But here’s where it gets weird: you know how we talk about pitchers using all of their pitches effectively and mixing up counts to stymie hitters? Sure you do! Generally we say it about Hughes and his proclivity to  go fastball-cutter-fastball-cutter. Or Joba and the guess-what-3-2 slider. Well, Sabathia hasn’t fallen down that path. No, he’s gone the other way. Generally a guy known to throw his potent four-seamer 60% of the time, Sabathia has been throwing it 48% of the time this year. Instead, he’s been relying on his two-seam fastball 18% of the time, up from 3% last year. Unfortunately, no data is available (that I’m aware of) to suggest a trend or an outlier, but whatever the case, it’s clear that CC isn’t as comfortable with his primary fastball this year, unlike that of the recent past. Could it be that he’s feeling some tiredness due to his extreme workload the past few seasons?

On the year his velocity has been down by about 1 mph on the fastball. We’re only on the doorstop of June so as the weather heats up, we should expect it to rise in line with what we’ve seen in the past. Take a look at his average velocity through this point last year and in the two previous seasons. He’s been consistently higher in velocity, even in his first 10 starts of the season (where we’d expect the weather to be of similar natures). But it hasn’t been by concerning numbers. Remember, we’re talking about 1-2 mph and many pitchers go through periods of variation. Luckily, CC doesn’t seem to have much issue with velocity. He was consistently hitting 95-96 yesterday, though many of them were fouled off and the pitch count ran high. So the velocity issue may be overblown.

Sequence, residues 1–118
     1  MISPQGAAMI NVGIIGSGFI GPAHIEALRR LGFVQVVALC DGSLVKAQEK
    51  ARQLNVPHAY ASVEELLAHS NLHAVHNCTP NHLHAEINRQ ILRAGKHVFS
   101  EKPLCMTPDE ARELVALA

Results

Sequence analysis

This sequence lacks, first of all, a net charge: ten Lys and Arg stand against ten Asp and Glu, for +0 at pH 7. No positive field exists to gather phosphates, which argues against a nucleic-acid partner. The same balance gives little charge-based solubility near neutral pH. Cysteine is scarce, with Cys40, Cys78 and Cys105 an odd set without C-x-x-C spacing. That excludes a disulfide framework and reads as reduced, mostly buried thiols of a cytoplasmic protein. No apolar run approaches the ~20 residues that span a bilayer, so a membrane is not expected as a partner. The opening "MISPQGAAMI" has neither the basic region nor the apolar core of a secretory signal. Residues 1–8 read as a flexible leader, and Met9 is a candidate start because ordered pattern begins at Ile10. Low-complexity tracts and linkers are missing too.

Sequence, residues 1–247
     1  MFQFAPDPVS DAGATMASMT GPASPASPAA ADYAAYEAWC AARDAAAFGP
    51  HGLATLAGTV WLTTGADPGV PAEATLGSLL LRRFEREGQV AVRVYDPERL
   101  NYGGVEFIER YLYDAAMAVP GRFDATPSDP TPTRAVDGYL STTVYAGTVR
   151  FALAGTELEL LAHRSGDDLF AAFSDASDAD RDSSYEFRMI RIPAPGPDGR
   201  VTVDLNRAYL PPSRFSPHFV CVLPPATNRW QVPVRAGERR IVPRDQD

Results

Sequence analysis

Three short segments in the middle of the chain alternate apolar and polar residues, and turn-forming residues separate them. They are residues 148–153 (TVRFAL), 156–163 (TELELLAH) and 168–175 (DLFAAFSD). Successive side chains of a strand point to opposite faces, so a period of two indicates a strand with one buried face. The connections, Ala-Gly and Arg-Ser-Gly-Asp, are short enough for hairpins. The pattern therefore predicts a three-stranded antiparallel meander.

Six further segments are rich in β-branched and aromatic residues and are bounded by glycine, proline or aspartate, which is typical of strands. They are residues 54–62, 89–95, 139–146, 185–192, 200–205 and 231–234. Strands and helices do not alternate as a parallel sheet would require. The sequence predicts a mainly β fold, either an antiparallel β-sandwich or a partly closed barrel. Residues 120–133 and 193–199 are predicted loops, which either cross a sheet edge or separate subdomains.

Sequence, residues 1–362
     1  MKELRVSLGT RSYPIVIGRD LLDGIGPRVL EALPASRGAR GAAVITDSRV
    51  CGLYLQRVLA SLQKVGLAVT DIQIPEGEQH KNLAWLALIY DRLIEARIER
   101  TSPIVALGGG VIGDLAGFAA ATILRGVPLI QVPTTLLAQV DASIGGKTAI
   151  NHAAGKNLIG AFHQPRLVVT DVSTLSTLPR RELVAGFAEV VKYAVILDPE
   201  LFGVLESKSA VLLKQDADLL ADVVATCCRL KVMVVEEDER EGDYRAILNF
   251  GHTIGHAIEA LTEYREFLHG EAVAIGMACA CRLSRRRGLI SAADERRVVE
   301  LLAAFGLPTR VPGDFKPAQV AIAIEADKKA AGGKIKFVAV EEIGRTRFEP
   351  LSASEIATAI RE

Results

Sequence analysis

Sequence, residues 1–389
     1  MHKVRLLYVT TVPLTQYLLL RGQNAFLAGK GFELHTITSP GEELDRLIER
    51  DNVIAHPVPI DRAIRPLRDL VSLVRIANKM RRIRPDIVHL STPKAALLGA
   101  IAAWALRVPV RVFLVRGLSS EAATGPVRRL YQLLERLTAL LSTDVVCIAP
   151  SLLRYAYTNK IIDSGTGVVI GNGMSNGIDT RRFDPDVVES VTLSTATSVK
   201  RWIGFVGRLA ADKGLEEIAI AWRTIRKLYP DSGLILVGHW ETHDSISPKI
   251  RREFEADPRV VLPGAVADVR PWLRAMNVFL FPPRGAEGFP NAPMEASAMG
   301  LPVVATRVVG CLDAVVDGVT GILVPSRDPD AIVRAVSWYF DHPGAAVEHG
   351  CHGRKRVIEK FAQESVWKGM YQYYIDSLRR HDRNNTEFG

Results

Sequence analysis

From March to June in ’08, Sabathia averaged 93.4 on the fastball, threw it 60% of the time and saw hitters swing at the pitch 45% of the time, whiffing 5% of swings. He had great movement, too. His fastball had 9.11 inches of vertical rise and it moved horizontally 6.66 inches. In ’09 in the same time period Sabathia averaged 93.9 on the fastball, threw it in 57% of the time, saw hitters swing 46% of the time and miss 5.3% of the time. He averaged 9.41 inches of vertical movement and 5.45 horizontally.

In 2010, he’s averaging 93.1 on the fastball, throwing it for less strikes and getting less whiffs on the pitch, down to 4.6%. The movement has registered at 9.28 inches vertically and only 3.81 horizontally. Slower and less movement.

So according to this, his fastball hasn’t been what it should be, even when only looking at the colder beginning months of the last two seasons (where PitchFX data is available). And I think he knows it, which is why he’s throwing it less often. Well, what about other data points we can get by the pitches themselves? Fangraphs has a nifty little pitch values chart, which essentially rates how effective pitchers are with their offerings and how hitters fare against them. His fastball this year rates as a negative pitch (-1.8) while his slider and changeup both rate as positives (3.2 and 3.5 respectively). So what about that two-seamer he’s been so fond of lately? Well, I believe that’s included in the overall fastball rate. Per Texas Leaguer’s Pitch FX data, it seems like it’s been effective for him. He’s getting 8% whiffs on it, has thrown it for strikes and often elicits groundballs.